Citations

Citations to this article as recorded by  
  • Evaluation of the star family doctors training program: an observational cohort study of a novel continuing medical education program for general practitioners within a compact medical consortium: a quantitative analysis
    Ling-Bo Liang, Xu Li, Xiang-Ping Liu, Cai-Zheng Li, Dan Luo, Feng Liu, Ting-Rui Mao, Qiao-Li Su
    BMC Medical Education.2023;[Epub]     CrossRef
  • Needs and difficulties of Tibetan rural health care workers participating in professional training
    Ling Chen, Jie Liu, Zhihui Zheng, Sangphel Yeshi
    Australian Journal of Rural Health.2021; 29(4): 578.     CrossRef
  • Continuing medical education and work commitment among rural healthcare workers: a cross-sectional study in 11 western provinces in China
    Jinlin Liu, Ying Mao
    BMJ Open.2020; 10(8): e037985.     CrossRef
  • A Checklist for Implementing Rural Pathways to Train, Develop and Support Health Workers in Low and Middle-Income Countries
    Belinda O'Sullivan, Bruce Chater, Amie Bingham, John Wynn-Jones, Ian Couper, Nagwa Nashat Hegazy, Raman Kumar, Henry Lawson, Viviana Martinez-Bianchi, Sankha Randenikumara, James Rourke, Sarah Strasser, Paul Worley
    Frontiers in Medicine.2020;[Epub]     CrossRef
  • Unmet needs in health training among nurses in rural Chinese township health centers: a cross-sectional hospital-based study
    Yan Mo, Guijie Hu, Yanhua Yi, Yanping Ying, Huiqiao Huang, Zhongxian Huang, Jiafeng Lin
    Journal of Educational Evaluation for Health Professions.2017; 14: 22.     CrossRef
Factors that influence the choice to work in rural township health centers among 4,669 clinical medical students from five medical universities in Guangxi, China  
Yunbo Qing, Guijie Hu, Qingyun Chen, Hailun Peng, Kailan Li, Jinling Wei, Yanhua Yi
J Educ Eval Health Prof. 2015;12:40.   Published online July 10, 2015
DOI: https://doi.org/10.3352/jeehp.2015.12.40
  • 30,029 View
  • 169 Download
  • 12 Web of Science
  • 11 Crossref
AbstractAbstract PDF
Purpose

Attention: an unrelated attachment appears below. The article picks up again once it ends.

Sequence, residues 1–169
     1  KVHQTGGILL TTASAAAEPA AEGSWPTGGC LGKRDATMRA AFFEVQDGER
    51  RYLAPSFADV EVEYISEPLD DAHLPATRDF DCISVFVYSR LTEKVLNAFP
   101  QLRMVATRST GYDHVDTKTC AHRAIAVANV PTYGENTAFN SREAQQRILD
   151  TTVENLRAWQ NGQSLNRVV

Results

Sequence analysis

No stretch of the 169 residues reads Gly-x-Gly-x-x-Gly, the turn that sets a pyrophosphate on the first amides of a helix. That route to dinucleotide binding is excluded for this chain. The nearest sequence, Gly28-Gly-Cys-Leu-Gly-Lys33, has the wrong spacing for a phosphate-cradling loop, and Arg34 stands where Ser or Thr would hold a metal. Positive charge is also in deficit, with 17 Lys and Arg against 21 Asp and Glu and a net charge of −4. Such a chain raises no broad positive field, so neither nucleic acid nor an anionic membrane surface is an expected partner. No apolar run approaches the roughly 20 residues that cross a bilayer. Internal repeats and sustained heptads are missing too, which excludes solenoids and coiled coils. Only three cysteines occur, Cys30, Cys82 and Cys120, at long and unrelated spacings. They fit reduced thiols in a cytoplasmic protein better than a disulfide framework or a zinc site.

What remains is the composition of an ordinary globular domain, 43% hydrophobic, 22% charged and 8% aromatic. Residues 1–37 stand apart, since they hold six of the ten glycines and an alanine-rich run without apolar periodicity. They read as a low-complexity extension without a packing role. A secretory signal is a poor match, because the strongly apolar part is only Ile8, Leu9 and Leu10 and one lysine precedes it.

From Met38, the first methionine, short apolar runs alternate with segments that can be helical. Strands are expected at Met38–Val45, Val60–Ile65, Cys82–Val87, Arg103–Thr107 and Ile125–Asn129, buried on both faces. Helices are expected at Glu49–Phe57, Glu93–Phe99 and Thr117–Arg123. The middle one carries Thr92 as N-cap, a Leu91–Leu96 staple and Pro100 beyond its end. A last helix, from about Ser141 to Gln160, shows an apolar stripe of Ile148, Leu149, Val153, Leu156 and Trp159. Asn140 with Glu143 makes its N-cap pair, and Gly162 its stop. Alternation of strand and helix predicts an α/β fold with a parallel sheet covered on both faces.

To produce competent undergraduate-level medical doctors for rural township health centers (THCs), the Chinese government mandated that medical colleges in Central and Western China recruit rural-oriented, tuition-waived medical students (RTMSs) starting in 2010. This study aimed to identify and assess factors that influence the choice to work in rural township health centers among both RTMSs and other students from five medical universities in Guangxi, China. Methods: An internet-based self-administered questionnaire survey was conducted with medical students in Guangxi province. Multinomial logistic regression was used to identify factors related to the attitudes toward work in a rural township health center. Results: Among 4,669 medical students, 1,523 (33%) had a positive attitude and 2,574 (55%) had a neutral attitude toward working in THCs. Demographic characteristics, personal job concerns, and knowledge of THCs were associated with the choice of a career in THCs. The factors related to a positive attitude included the following: three-year program, a rural-oriented medical program, being male, an expectation of working in a county or township, a focus on medical career development, some perceived difficulty of getting a job, having family support, sufficient knowledge of THCs, optimism toward THC development, seeking lower working pressure, and a lower expected monthly salary. Conclusion: Male students in a three-year program or a rural-oriented tuition-waived medical education program were more likely to work in THCs. Selecting medical students through interviews to identify their family support and intentions to work in THCs would increase recruitment and retention. Establishing favorable policies and financial incentives to improve living conditions and the social status of rural physicians is necessary.

Citations

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  • Policy perception, job satisfaction and intentions to remain in rural area: evidence from the National Compulsory Service Programme in China
    Yanrong He, Peicheng Wang, Yanrong Du, Hange Li, Yanhua Chen, Jiming Zhu
    Global Health Research and Policy.2024;[Epub]     CrossRef
  • Relationship between honesty-credit, specialty identity, career identity, and willingness to fulfill the contract among rural-oriented tuition-waived medical students of China: a cross-sectional study
    Xuewen Zhang, Bing Sun, Zhuang Tian, Bin Yu, Chao Wei, Ying Zhang, Canlei Zheng, Xuejun Chen, Qing Liu
    Frontiers in Public Health.2023;[Epub]     CrossRef
  • Job satisfaction of village doctors in a rural-oriented tuition-waived medical education program in China
    Renmin Jin, Yan Chen
    Frontiers in Psychology.2023;[Epub]     CrossRef
  • Identifying factors affecting dentists retention in deprived areas in Iran
    Mohammadreza Amiresmaeili, Majid Heidari Jamebozorgi, Azam Heidari Jamebozorgi
    The International Journal of Health Planning and Management.2022; 37(3): 1340.     CrossRef